On April 23, 2018, 43 parliamentarians, joined by government officials and partners, gathered in Kinshasa, Democratic Republic of Congo, for a briefing on sustainable immunization financing. Led by the Sabin Vaccine Institute, the briefing aimed to equip parliamentarians with the evidence they need to advocate within the government for domestic immunization financing.

As a low-income country, DRC receives significant support from Gavi, the Vaccine Alliance (Gavi), to purchase vaccines for its citizens. Gavi co-finances immunization programs in the poorest countries, but as countries’ economies grow, they are phased out of Gavi support, gradually taking on a greater and greater share of their immunization costs. As DRC’s economy has grown, the country has consistently struggled to meet its co-financing requirement to Gavi.  

Securing immunization financing within DRC’s budget is crucial to the success of the national immunization program. Without a strong, fully funded immunization program, families will not have access to vaccines, leaving them vulnerable to vaccine-preventable diseases and placing additional strains on the economy. Establishing country ownership of immunization is an imperative step toward developing secure and enduring health programs and, as a result, improving overall health.

Since 2009, Sabin has supported efforts to prepare DRC to independently finance its immunization program. During this time, Sabin has supported parliamentarians and officials in the ministries of health and finance in their work to gather financial and economic evidence as a tool for advocacy and budget transparency, with the goal of mobilizing domestic financing to cover an increasing share of national immunization program costs.

In 2012, Sabin helped parliamentarians establish the Congolese Parliamentary Network for Immunization Support (abbreviated in French as REPACAV). The network has advocated to increase the national immunization budget, protected against budget cuts, and engaged provincial officials to encourage them to establish budget lines and allocate sufficient funds. REPACAV has been immensely successful, winning and defending increases in immunization appropriations from 2012-2015, and growing the national immunization budget by more than 10 times.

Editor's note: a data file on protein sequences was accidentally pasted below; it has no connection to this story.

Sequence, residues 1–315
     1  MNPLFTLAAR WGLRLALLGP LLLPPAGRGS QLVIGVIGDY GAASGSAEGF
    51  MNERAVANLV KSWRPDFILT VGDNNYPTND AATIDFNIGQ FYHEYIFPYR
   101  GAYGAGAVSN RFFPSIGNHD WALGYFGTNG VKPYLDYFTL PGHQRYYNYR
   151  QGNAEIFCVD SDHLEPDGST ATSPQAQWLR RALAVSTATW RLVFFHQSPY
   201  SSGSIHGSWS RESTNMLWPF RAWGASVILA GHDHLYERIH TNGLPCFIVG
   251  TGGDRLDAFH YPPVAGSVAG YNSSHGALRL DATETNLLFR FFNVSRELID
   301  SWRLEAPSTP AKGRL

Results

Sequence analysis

Much of this funding is needed to meet the country’s Gavi co-financing requirement for vaccines. Over time, the country’s contribution increases, until eventually the country independently finances its entire immunization program. Over the past several years, DRC has not paid its co-financing requirement on time. At the time of the parliamentary briefing, the 2017 co-financing requirement had not been fully paid, leaving DRC without the new vaccines Gavi supports and putting the country at risk for outbreaks of rotavirus, yellow fever and polio.  

Sabin led a six-step advocacy exercise for parliamentarians as part of the briefing. Based on advocacy approaches Sabin has seen to be successful among REPACAV and other parliamentary immunization networks in SIF partner countries, the exercise highlighted the critical steps to create an effective advocacy strategy, from selecting the target audience to delivering a message and monitoring outcomes. 

The briefing equipped the parliamentarians with financial evidence and advocacy approaches important for long-term, predictable domestic financing for immunization. During the training, parliamentarians developed advocacy strategies to address chronically late disbursements from the Treasury to the immunization program. Already, REPACAV is using the skills and messages developed in the briefing to develop immunization advocacy materials with tailored messaging. The group plans to draft a memo to relevant national budgeting authorities urging them to release the funds needed to follow through on the country’s co-financing commitment to Gavi and secure the vaccines needed by the people of DRC.